It’s been several weeks now that I bought my new Nikkor 14-24mm lens, and I have been dying to find an opportunity to use it. I knew of course that you don’t buy a lens like that and expect it to be your ‘go to’ lens, it has a very specific requirement – i.e. going wider, when you can’t go further back. Yes I know there’s much more creative uses for it then that, but its essence is to go wider when you absolutely need it.
I didn’t even use it for my first day in Wales over the weekend. Most of the shots I was going for then were trying to get closer to waterfalls, so this lens would not have been very useful. However, I said to myself on the second day (Sunday) that this was going to be the only lens I would use that day. I knew this might mean I miss some shots, but I wanted to force myself to use it, and find a picture that would absolutely require it. Today’s picture is that picture.
We visited a place called Tretower Castle, midway down the Brecon Beacons, and we were lucky that the weather was so good that day. I had never visited this castle or seen it online before, so I was going totally out on a limb to find if it was a photographic opportunity or not. Like the local castle here in Newbury, Donnington Castle, Tretower is now ruins that date back to the 12th century. I took some pictures from the outside of the castle, but this was my absolutely favourite view – looking up from the bottom of the tower. To get this shot, I needed all the width I could possibly get, and to get as absolutely much as possible, I had the camera set on the tripod so close to the ground, I wasn’t even looking through the viewfinder when I took this shot. I took several bracketed sets of images and all the while kept repositioning the camera and tripod, until I had a composition that I liked.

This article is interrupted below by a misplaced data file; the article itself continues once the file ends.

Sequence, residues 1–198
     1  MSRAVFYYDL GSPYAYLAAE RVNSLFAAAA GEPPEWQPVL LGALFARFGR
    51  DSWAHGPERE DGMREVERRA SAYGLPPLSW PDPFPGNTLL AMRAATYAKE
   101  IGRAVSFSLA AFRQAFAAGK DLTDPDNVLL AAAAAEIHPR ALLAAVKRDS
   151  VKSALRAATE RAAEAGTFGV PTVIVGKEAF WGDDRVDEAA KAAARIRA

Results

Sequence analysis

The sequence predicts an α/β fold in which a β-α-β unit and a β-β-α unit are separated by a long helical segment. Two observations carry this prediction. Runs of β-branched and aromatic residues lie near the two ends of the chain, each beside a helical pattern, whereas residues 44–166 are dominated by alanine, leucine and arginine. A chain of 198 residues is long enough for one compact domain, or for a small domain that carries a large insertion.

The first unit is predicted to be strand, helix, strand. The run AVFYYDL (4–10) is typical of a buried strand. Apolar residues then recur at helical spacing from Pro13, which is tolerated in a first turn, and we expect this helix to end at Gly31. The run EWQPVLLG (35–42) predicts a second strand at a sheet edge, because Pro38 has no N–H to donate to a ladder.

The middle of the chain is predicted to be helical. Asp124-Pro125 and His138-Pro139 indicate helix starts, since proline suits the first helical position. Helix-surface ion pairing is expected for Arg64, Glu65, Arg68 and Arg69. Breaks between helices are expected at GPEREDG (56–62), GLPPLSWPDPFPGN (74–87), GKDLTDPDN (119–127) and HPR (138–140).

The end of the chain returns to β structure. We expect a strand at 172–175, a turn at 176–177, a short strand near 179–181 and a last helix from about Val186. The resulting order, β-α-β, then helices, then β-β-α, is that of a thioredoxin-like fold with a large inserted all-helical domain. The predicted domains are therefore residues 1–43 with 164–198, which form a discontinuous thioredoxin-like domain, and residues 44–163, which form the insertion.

This is a gold old fashioned HDR image, taken from 5 exposures. There is no way you could have got a good shot of this without HDR. The contrast from the bright sky to the inside of the tower is insane. I even made 4 HDR versions of this picture, using a more realistic version for the sky, and heavier tone mapped versions for the tower itself.
Now of course I know this is not what the view would have been like in the medieval age. It would certainly have had a roof and a floor or 2 as well. But as you are standing at the bottom of it, you can’t help but get this sense of being trapped in a dungeon. Was anyone ever trapped in there? Who knows, maybe we’ll never know. Or we will.